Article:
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  1. Jenina Mareshah M Nalupta,
  2. Maria Angeli C Magdaraog,
  3. Joshua Teddy T Fulgencio,
  4. Camille Justine L Malinit,
  5. Ricci S Rodriguez
  1. Ateneo de Manila University, Quezon City, Philippines


Background Orphan disorders (ODs) affect an estimate of 5,000 out of 100 million Filipinos -making a low disease prevalence of less than 1 out of 20,000. Most of these diseases are life threatening yet there have been very limited provisions for this sector, as it remains underserved. With the present-day goal of Universal Health Coverage (UHC), however, is the need for a greater initiative to address the needs of people suffering from ODs.

Objectives This study analyzed seven different financing strategies for patients with orphan disorders (PODs) in the Philippines for a prospective policy recommendation for the “Rare Diseases Act” Bill.

Methods Using a cross-sectional study design and the Health Policy Analysis Framework, this study analyzed and described the inter-relationships among the actors, context, content, and process variables affecting the different financing strategies. Two supporting frameworks -Functions-of-Health-Financing and the Universal Coverage Cube–were used (1) to describe the current health financing system for ODs and (2) to evaluate its progress towards achieving UHC, respectively, in relation to the different financing strategies.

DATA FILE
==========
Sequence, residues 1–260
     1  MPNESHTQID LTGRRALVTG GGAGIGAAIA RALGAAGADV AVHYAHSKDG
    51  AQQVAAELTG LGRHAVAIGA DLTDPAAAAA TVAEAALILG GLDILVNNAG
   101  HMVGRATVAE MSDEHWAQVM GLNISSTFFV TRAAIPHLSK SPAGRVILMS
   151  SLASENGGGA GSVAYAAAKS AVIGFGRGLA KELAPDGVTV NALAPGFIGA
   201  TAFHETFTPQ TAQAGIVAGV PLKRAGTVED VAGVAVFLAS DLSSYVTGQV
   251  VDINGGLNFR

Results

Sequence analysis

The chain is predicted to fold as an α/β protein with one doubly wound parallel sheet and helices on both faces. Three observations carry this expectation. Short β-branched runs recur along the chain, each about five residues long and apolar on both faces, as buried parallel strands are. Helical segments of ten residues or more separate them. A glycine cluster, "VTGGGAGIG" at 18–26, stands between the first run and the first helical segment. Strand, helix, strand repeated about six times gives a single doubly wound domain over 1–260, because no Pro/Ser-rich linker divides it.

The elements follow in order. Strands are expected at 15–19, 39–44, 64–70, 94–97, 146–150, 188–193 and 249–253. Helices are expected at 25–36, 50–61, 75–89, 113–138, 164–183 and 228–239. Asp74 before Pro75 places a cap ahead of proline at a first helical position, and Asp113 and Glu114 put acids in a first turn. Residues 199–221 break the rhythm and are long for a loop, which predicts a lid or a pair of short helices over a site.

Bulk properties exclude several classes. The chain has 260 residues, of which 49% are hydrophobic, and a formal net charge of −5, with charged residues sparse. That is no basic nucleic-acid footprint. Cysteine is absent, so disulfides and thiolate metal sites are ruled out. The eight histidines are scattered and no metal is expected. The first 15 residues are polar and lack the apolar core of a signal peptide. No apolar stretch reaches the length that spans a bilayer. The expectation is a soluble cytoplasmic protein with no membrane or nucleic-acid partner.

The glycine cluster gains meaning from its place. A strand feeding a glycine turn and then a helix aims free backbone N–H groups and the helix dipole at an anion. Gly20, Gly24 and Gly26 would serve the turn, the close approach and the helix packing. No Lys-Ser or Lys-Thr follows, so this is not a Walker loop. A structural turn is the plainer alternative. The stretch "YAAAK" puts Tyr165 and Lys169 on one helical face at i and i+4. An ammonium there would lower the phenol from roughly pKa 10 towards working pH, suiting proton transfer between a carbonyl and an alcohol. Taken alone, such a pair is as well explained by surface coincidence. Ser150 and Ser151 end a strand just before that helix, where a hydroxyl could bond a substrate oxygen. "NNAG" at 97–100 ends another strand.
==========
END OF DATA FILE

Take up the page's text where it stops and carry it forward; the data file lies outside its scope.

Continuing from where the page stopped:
Result Based on research and data gathered, financing for ODs remain largely out-of-pocket with substantial grants and subsidies mostly provided by private funding organizations. Government allocation remains low while a social health insurance benefit package for the OD sector is still lacking, thus, translating to poor delivery of health services for ODs.

Conclusion After a comprehensive analysis, social health insurance was determined as the most optimal financing strategy for ODs; PhilHealth Insurance Corporation provides the most efficient way to deliver services for PODs as it is already well established especially with many health providers across the nation. Its large member base and existing benefit packages for catastrophic illnesses also manifests an effective risk pooling system.


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